2 thoughts on “What does ‘biblical literalism’ mean?

  1. Hey Jerry,

    I am enjoying your blog. Concerning biblical literalism, I have some questions concerning interpreting mythical genre stories like the beginning of Genesis, the book of Job, Jonah etc. We may agree or disagree about the genre. At times, we tend to read the Scriptures through our modernistic, empiricist, scientific lens. Is there room in Biblical Literalism for a reading of a narrative that discounts it’s historicity but affirms the point of the text or what it is trying to communicate about God or the world in which we live?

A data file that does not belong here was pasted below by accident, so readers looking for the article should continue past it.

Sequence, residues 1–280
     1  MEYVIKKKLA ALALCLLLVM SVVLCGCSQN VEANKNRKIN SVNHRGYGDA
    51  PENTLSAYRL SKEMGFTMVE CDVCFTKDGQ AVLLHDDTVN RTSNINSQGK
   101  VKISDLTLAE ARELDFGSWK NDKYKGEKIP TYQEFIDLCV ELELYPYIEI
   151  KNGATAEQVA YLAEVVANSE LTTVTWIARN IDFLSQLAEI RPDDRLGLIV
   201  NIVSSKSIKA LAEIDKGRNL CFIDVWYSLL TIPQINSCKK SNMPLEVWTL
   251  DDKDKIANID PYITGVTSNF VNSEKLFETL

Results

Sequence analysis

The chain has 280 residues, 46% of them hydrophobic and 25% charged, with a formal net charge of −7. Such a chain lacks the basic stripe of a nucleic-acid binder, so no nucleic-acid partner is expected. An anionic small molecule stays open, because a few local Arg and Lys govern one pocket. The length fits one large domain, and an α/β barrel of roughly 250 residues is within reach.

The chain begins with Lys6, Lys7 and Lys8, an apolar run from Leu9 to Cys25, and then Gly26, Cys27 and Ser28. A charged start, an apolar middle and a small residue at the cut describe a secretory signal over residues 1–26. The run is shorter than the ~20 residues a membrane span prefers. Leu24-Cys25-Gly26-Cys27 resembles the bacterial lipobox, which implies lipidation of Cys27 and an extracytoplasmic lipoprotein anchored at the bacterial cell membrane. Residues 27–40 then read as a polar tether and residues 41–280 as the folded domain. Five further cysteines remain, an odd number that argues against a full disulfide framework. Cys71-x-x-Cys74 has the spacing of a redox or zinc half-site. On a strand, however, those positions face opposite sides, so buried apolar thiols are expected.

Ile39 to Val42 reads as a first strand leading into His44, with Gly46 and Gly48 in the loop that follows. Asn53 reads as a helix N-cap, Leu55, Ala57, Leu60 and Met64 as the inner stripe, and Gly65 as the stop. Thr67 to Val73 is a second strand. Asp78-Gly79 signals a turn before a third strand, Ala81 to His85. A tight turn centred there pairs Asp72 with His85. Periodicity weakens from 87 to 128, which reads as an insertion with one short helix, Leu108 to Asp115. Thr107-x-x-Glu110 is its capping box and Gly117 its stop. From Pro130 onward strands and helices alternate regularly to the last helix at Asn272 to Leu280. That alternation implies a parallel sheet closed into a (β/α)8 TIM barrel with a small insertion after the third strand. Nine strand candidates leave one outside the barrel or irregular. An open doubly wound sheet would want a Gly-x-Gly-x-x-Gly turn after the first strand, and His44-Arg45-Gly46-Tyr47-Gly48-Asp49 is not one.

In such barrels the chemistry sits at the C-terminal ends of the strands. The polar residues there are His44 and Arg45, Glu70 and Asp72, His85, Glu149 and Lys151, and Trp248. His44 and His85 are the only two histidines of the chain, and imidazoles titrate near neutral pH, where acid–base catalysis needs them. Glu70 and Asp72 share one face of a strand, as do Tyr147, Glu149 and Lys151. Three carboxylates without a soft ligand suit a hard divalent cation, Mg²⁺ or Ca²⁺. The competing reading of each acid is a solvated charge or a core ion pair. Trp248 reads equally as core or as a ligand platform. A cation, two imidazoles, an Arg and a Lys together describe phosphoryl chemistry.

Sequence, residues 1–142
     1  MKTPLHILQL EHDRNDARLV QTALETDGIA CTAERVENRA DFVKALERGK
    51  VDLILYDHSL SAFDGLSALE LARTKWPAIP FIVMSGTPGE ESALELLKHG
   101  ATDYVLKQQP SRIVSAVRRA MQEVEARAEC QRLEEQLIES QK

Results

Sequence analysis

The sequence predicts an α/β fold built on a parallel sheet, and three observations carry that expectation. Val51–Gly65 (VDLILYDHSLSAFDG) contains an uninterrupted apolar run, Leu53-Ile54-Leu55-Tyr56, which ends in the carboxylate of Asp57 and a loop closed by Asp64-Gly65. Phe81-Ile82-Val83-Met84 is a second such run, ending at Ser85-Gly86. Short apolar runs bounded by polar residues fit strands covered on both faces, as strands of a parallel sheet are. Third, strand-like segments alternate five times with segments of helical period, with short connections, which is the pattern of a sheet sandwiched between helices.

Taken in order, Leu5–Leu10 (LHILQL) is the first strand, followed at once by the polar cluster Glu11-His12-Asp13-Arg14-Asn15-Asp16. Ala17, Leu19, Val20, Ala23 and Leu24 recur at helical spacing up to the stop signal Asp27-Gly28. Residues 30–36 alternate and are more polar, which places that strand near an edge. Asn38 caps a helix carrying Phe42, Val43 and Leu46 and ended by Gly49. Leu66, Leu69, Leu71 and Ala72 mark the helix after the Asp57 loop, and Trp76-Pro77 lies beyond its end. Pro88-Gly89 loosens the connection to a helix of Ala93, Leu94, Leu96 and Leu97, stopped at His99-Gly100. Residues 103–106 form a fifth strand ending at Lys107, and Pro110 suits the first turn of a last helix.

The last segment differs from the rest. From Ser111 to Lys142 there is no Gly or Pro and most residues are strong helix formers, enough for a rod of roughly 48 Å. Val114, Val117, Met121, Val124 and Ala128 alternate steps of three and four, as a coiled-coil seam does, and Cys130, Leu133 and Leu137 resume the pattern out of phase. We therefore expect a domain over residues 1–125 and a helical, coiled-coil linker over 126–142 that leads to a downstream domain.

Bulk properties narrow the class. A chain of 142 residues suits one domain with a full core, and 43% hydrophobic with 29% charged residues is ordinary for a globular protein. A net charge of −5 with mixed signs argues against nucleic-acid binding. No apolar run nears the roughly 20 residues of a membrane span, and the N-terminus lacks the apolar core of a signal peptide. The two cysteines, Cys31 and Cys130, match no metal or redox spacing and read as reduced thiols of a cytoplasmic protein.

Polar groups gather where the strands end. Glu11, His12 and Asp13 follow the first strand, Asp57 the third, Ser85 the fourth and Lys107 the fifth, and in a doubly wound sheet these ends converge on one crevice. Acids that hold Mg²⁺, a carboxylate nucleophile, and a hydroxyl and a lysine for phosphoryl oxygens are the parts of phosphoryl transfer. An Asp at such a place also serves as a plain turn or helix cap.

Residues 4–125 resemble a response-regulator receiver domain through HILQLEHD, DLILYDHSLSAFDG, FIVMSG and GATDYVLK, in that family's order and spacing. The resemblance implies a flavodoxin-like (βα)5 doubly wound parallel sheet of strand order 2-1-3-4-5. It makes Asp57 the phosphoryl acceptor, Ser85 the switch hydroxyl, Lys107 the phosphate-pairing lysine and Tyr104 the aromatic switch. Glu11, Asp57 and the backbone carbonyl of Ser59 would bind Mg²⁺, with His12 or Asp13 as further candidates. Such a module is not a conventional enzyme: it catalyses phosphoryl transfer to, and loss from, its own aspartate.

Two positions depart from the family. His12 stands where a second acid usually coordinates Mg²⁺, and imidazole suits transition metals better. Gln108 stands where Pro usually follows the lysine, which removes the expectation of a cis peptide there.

2. Great question. I think you are exactly right friend! I think we do tend to read the Bible through a modern lens, and tend to expect the text to meet standards it was never intended to meet. The trouble is, when we do this, we tend to move away from a faithful interpretation of the text. If Job is ancient poetry, the a high view of Scripture does not demand that Job be a historical person in order to uphold the text as inspired Scripture any more than it requires the prodigal son to be a historical person. The most faithful interpretation is always the interpretation that begins with understanding the text the way its original audience would have understood it, and that could include a whole host of genres and literary forms. What is problematic though is when some want to deny the historicity of a text not because its genre demands it, but rather because they have an anti-supernatural bias (as in liberal theology, Jesus Seminar, et. al.). But can surely convey timeless and fully inspired truths through poetry as well as through historical narrative (the Psalms and Songs are prime examples, and in my view, Job may be as well).